Here’s Gini’s lastest tackling what Turner Classic Movies’
1932’s Trouble in Paradise
Billed as a screwball comedy
Trouble in Paradise follows a gentleman conman/pickpocket/thief and the woman he meets who is his counterpart – they fall in love because he’s the best and she’s the best and it’s all so fantastic. Trouble comes when they plan to con a rich – and young and attractive – widow out of 800,000 francs.
I approached Bachelor Mother with some trepidation because of this movie. But does that mean Trouble in Paradise is a dud? Not necessarily…
Gaston Monescu (Herbert Marshall) is charming and suave and good at what he does – and what he does is con people, steal from people, and live fabulously. Lily (Miriam Hopkins) falls for him, but of course, and he falls just as madly back because she’s the female version of himself. For each one, the other is the only person they can truly be themselves with. But when Gaston gets himself hired by rich, young, and beautiful Madame Mariette Colet (Kay Francis) in order to con her out of a sizable chunk of cash, he finds that he’s working two schemes – getting her money and wooing her. Which, of course, doesn’t sit well with Lily.
Gaston’s influence over Madame Colet doesn’t sit well with the variety of men around her who are either trying to catch and keep her, possibly swindle her themselves, or protect her. There’s a good supporting cast, including our friend Charles Ruggles (from Ruggles of Red Gap) as The Major, Edward Everett Horton as François Filiba – around whom much of the actual humor centers – and C. Aubrey Smith as Adolph J. Giron. Sets are good and costuming lovely.
I happen to be a sucker for con artist movies. Perhaps I saw The Sting at too early an age but, basically, if there’s a con going on, I want to watch. The cons in this movie work, though they’re unlikely to surprise any modern audiences. Most of the film takes place in France, and it’s got a Continental flair to it, though it’s an almost 90-year-old flair, so some of the “complications” and situations seem archaic while others are still timely.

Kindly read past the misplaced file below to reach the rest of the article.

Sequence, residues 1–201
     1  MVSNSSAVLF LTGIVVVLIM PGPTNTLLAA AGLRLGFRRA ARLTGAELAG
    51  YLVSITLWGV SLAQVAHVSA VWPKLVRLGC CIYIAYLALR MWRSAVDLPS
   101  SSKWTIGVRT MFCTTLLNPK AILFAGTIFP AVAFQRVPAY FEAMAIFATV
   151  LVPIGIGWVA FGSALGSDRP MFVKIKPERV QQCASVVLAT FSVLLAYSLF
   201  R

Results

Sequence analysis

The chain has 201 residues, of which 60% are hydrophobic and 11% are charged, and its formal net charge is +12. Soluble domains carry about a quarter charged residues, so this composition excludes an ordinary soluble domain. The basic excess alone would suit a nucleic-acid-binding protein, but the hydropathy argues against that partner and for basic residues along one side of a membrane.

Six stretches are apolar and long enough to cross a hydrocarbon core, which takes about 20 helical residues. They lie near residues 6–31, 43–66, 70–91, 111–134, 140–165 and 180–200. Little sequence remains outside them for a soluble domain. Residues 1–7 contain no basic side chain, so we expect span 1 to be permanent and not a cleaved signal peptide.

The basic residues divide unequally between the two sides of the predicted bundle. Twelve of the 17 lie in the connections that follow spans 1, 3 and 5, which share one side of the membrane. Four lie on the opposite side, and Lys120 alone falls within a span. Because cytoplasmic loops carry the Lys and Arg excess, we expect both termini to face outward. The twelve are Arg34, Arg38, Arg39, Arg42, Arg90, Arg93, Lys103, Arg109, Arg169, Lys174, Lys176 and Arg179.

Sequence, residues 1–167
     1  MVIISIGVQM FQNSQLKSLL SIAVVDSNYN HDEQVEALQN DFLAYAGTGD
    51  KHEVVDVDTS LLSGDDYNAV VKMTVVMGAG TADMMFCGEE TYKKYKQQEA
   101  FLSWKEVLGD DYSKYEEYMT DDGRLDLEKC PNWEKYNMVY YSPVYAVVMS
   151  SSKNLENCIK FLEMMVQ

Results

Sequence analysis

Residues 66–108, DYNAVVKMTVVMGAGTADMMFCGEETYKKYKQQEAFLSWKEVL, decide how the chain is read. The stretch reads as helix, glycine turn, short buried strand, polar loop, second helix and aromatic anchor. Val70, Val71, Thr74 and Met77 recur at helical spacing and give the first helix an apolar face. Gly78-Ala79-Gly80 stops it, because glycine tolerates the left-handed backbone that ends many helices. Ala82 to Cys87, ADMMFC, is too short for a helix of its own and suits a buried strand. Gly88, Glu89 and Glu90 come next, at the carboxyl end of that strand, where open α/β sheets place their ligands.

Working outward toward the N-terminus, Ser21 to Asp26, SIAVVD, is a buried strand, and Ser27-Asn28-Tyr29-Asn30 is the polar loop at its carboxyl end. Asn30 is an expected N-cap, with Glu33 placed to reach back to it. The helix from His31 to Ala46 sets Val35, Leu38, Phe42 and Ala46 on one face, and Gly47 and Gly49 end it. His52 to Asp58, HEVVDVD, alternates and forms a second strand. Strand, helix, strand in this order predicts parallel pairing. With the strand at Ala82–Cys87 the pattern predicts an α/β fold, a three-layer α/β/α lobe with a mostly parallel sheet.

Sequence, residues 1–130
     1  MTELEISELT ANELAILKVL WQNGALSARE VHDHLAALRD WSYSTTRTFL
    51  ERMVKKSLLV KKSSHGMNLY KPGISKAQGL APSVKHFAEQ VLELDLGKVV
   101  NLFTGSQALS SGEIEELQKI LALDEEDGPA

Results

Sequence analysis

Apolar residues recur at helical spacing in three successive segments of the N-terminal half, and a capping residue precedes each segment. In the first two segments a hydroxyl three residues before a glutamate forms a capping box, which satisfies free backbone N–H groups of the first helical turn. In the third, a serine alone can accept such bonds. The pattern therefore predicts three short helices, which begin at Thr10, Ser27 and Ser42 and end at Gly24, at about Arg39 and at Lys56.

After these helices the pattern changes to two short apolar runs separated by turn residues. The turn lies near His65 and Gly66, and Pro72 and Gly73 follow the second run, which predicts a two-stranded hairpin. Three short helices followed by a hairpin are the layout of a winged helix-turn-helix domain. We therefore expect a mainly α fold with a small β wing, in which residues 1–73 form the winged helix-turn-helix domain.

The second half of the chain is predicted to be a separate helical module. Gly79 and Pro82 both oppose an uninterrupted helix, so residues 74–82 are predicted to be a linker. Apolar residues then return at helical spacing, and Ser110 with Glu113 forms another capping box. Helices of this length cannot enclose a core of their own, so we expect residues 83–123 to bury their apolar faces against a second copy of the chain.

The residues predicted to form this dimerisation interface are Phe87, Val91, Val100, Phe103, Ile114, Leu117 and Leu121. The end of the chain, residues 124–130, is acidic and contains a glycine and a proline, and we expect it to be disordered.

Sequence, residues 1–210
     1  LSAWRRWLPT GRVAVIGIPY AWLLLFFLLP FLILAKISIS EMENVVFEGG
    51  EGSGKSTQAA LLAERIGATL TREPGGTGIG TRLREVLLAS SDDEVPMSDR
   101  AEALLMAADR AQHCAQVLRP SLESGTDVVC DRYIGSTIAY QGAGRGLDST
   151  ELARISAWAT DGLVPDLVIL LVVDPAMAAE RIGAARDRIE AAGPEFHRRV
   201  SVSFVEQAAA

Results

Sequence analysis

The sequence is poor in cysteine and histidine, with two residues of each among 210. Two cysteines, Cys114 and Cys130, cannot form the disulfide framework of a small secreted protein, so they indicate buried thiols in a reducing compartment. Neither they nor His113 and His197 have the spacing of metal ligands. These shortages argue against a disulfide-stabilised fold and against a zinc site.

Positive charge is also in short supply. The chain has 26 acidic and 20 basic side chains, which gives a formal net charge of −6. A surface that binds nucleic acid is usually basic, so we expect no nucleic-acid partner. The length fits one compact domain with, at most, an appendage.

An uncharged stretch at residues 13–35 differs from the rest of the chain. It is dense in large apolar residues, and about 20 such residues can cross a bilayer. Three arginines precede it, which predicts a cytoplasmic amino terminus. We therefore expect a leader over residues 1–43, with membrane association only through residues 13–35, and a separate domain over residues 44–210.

And Trouble in Paradise is not terrible. It earns its setup, it’s complications and its ending. What it wasn’t for me was overwhelmingly funny. It’s funny in parts, and screwball in parts, but it’s not up to what I consider top level screwball comedies. Also, the dialog is very understated, to the point where it can be hard to hear. Most times in screwballs, they’re tossing off dialog so fast you can’t hear it. In this case, much of the dialog is being murmured, making it just as hard to catch.
The plot moves along at a pace that doesn’t seem overwhelmingly slow to a modern eye, but there are a lot of languid scenes where we’re watching someone walk up and down stairs and such that make the movie drag a bit. I’d have preferred more actual humor and less watching, but in 1932, looking at all the beautiful sets and costuming was undoubtedly part of the overall experience and something that audiences enjoyed.
This is a movie by Ernst Lubitsch and it’s understandable why Turner Classic Movies thinks it’s worth screening. I think it’s worth seeing, too – it’s stuck with me, even though I wouldn’t put it on my Best Of list. Plus, Lubitsch was a master, so seeing his work is worthwhile
if only for that. And, of course, you need to watch to find out who got the suave guy in the end – the rich one or the crooked one.
Trouble in Paradise won’t knock any of the top screwball comedies off their perches, but as a pleasant way to spend about 80 minutes, it’s as good a choice as many and a far better option than some.
3 stars out of 5
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